The Department has taken a number of measures to ensure the most appropriate use of blood, and to encourage the national health service to use less blood. Some of the key measures are set out as follows.
In 1998, the Chief Medical Officer (CMO) launched the Better Blood Transfusion initiative to promote and encouraged better/appropriate use of blood and alternatives to transfusion.
In July 2002, Health Service Circular (HSC) 2002/009 “Better Blood Transfusion—Appropriate Use of Blood” was issued. This has been placed in the Library and is available at:
This circular asked NHS trusts and primary care trusts to review and explore the use of effective alternatives to donor blood, and also using the patients own blood.
The CMO’s National Blood Transfusion Committee was established in 2002 to advise hospitals and the National Blood Service on best practice and performance monitoring, improving the safety and appropriateness of blood transfusion practice, listening to and informing patient concerns and promoting high quality and consistent transfusion practice.
The Department and the United Kingdom blood services produced a toolkit for practitioners on better blood transfusion, safe practice, appropriate use, education and training, and monitoring and traceability. The toolkit, which is available at www.transfusion guidelines.org.uk/, aims to help NHS trusts to make the most appropriate use of blood and its alternatives where possible.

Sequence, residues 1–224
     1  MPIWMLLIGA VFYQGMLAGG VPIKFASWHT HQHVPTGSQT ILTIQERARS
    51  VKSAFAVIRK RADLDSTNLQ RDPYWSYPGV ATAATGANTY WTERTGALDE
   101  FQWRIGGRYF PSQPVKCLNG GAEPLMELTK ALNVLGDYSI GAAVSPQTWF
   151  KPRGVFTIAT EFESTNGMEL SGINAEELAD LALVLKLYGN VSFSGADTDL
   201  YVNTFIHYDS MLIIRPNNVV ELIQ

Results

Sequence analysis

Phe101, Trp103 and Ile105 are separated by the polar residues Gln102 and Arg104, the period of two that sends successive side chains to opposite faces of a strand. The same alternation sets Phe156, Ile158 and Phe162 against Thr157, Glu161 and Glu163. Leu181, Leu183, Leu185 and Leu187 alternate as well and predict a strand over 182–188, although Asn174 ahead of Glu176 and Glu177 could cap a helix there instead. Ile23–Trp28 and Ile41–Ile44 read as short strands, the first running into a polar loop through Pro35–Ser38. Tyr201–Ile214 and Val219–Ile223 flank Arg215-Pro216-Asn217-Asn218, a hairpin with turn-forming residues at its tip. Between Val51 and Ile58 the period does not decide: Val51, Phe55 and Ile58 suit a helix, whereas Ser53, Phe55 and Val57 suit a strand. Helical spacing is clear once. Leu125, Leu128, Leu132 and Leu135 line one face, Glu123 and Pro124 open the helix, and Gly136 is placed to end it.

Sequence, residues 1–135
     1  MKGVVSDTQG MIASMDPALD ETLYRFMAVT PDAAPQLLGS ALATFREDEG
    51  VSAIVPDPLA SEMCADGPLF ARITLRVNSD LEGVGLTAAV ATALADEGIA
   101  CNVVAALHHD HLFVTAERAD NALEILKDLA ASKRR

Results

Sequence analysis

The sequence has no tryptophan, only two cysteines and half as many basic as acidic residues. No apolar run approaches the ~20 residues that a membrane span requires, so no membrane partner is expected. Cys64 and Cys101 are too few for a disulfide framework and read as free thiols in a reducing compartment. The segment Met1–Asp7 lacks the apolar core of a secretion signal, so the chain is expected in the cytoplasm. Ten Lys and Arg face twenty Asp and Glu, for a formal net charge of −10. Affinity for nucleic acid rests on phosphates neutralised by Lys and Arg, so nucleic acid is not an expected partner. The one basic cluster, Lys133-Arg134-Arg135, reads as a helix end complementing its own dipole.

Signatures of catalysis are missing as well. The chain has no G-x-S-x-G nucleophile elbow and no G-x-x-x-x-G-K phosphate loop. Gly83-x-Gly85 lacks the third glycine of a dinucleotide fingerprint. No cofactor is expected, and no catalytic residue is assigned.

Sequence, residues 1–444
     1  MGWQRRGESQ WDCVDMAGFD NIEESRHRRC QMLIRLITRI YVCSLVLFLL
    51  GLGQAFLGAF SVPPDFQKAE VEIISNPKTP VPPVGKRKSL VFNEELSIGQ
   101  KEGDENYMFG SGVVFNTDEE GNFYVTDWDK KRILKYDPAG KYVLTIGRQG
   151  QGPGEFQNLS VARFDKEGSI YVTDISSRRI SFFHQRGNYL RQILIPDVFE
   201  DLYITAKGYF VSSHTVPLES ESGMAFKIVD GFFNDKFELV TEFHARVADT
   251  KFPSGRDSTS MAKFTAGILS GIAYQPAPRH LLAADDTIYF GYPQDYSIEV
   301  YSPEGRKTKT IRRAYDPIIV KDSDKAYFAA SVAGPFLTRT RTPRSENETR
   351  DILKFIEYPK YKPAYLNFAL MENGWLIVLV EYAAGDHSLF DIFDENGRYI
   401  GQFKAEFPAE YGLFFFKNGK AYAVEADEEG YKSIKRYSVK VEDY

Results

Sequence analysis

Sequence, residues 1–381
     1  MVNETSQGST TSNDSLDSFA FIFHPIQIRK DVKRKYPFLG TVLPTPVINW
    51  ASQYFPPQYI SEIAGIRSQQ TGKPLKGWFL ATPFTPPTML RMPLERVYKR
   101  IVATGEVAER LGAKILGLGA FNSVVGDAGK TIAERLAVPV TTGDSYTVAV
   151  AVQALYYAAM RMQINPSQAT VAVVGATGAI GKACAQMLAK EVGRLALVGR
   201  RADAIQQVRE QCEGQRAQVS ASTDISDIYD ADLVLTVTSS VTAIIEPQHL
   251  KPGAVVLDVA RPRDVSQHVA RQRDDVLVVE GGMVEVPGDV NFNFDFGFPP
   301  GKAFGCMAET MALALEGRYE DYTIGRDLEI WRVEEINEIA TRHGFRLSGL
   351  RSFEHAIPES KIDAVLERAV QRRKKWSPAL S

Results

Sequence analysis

A seminar was held on 16 March 2007 to discuss progress and identify ways to maintain or improve the safe and appropriate use of blood over the next three to five years. An HSC will be issued to the NHS on the outcomes.
The type of treatment offered to patients is a matter of individual clinical judgment and discussion with the patient concerned.
The National Institute for Health and Clinical Excellence is currently appraising erythropoietin for the treatment of anaemia induced by cancer treatment and expects to publish final guidance to the national health service in November 2007.
Patients have the right to refuse a blood transfusion and this will be respected. However, before refusing a blood transfusion, patients need to fully understand the consequences of doing so. Information is available at www.transfusion guidelines.org.uk/ on alternatives to blood transfusion.